Basic immersion blenders. This is the hand blender you want for your basic kitchen tasks such as blending soup or mashed potatoes, or making smaller quantities of purees. They're very straightforward -- just a stick blender and a container -- but reviewers say it's great to have one around for the convenience factor.

Cordless immersion blenders. In general, cordless immersion blenders are not as well-reviewed as corded blenders. As is often the case when comparing cordless kitchen appliances to corded ones, cordless immersion blenders simply don't have as much power as the corded models do, and most get dismal reviews for their ability to hold a charge. They're also more expensive than corded versions. Which brings us to Braun. For many years, German-based Braun was a popular manufacturer of kitchen appliances, including a few excellent corded and cordless hand blenders. In 2008, Proctor & Gamble discontinued sales of Braun kitchen appliances in the North American market. Braun cordless hand blenders were among the few that got top ratings for performance and there still are some available online. Most are sold with 110-volt adaptors for use in U.S. kitchens. We also found a couple that are widely available in the U.S., but recommend them only if you need a cordless immersion blender for a specific reason: such as needing a hand blender and not having easy access to an electrical outlet.

Finding the right immersion blenders

We found some good professional tests for immersion blenders, including ConsumerReports.org, Cook's Illustrated, and TheSweetHome.com. All had thorough roundups of hand blenders that compared and contrasted a number of models, and included both testing and research. Men's Journal had a helpful roundup of a few models tested and recommended by professional chef, Matthew Lightner. We also examined hundreds of owner reviews at sites such as Amazon.com, Cooking.com, BestBuy.com and BedBathandBeyond.com to see how all of these stick blenders perform and endure in the real world. The results of all this research is the best in immersion blenders, so you can find the one that works in your kitchen.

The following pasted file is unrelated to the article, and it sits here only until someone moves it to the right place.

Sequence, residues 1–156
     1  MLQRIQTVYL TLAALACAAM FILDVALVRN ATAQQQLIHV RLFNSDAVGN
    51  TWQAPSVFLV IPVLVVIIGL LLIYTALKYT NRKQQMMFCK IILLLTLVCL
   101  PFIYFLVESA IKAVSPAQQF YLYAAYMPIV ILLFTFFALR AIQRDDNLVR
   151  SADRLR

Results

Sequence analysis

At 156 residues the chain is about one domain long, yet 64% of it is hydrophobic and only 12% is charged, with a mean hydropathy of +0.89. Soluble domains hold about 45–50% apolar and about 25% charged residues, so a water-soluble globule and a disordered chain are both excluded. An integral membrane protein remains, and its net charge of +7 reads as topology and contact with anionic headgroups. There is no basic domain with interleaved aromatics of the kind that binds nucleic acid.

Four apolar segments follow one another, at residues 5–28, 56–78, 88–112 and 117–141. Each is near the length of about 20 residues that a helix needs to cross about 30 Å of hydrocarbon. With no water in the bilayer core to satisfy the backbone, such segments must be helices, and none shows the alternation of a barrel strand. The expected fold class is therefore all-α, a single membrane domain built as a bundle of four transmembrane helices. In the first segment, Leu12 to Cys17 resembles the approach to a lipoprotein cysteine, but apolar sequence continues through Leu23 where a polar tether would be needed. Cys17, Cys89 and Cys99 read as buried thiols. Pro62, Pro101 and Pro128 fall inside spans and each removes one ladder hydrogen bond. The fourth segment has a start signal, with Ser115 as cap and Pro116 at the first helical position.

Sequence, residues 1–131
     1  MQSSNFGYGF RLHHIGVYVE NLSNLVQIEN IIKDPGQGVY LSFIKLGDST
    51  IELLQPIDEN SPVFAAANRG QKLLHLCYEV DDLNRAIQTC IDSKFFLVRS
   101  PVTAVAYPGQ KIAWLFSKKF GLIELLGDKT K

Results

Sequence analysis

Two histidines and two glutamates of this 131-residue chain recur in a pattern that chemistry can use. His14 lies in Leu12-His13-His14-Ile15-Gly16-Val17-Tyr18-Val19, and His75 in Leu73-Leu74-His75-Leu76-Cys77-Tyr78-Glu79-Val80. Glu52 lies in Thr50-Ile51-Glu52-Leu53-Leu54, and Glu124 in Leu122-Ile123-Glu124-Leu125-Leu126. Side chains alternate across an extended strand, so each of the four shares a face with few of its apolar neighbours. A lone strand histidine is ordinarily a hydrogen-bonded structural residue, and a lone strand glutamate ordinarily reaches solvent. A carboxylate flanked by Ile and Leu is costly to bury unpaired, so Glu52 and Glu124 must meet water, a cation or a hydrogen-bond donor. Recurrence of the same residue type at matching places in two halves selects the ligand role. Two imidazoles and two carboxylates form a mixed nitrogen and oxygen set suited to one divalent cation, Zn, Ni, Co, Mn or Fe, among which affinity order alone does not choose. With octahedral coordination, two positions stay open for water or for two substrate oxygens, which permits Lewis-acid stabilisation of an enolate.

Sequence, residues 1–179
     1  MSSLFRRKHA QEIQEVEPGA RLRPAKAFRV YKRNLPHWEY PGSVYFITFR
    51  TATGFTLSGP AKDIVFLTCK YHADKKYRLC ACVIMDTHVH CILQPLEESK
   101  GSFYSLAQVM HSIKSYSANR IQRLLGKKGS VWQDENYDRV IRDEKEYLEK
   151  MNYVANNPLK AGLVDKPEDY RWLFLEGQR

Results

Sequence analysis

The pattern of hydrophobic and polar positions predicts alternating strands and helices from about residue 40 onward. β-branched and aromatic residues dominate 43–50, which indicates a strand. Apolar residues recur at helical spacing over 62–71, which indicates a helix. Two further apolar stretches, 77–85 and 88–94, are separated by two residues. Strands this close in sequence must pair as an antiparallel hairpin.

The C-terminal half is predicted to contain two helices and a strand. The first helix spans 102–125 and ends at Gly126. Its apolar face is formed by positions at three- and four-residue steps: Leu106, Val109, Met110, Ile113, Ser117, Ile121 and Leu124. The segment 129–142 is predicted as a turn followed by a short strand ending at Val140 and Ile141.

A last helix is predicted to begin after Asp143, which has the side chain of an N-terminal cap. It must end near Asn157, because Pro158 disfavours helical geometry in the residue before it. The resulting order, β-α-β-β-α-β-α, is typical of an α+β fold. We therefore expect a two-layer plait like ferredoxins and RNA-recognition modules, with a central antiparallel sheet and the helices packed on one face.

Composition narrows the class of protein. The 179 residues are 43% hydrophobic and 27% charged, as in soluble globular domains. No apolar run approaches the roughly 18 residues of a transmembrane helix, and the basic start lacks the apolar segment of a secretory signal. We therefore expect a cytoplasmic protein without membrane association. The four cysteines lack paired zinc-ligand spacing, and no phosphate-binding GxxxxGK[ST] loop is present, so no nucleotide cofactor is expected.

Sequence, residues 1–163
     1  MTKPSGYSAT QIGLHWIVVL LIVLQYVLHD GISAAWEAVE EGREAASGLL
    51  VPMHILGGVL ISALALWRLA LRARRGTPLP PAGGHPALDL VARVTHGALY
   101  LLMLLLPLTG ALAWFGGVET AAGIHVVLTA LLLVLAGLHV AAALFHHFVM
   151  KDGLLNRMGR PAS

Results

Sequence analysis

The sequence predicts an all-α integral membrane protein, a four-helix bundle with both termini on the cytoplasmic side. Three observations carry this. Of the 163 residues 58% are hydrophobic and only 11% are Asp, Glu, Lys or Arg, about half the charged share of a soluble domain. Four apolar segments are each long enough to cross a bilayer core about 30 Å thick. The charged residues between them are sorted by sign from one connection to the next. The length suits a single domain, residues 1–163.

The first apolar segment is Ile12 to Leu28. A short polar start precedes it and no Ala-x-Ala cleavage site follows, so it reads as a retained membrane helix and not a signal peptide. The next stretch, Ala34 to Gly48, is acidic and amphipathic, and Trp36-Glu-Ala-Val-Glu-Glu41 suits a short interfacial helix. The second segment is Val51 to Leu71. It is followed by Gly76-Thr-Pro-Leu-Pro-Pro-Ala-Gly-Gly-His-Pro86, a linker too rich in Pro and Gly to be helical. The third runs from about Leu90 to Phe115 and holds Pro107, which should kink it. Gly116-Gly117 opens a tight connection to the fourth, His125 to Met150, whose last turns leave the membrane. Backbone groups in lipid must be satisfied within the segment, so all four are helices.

Elsewhere in this report:

Best Multi-Use Immersion Blender: Some immersion blenders come with enough attachments and accessories to perform a wide variety of tasks. We review several all-in-one hand blenders with whisk and chopper attachments.

Best Basic Immersion Blender: The original and most common use of the immersion blender is for blending soup or pureeing ingredients. These basic hand blenders will do that job quickly and efficiently.

Best Cordless Immersion Blender: Although they're not as powerful as corded immersion blender, a cordless hand blender can be a handy tool if you don't have constant access to an electrical outlet or just don't like the hassle of wrangling a cord.

Buying Guide: Want to avoid buyer's remorse tomorrow morning? Our Buying Guide explains what to look for in the best immersion blenders.

Our Sources: Links to the expert and user reviews we use to select the top immersion blenders, along with our assessment of each reviewer's expertise, credibility and helpfulness.

Back to top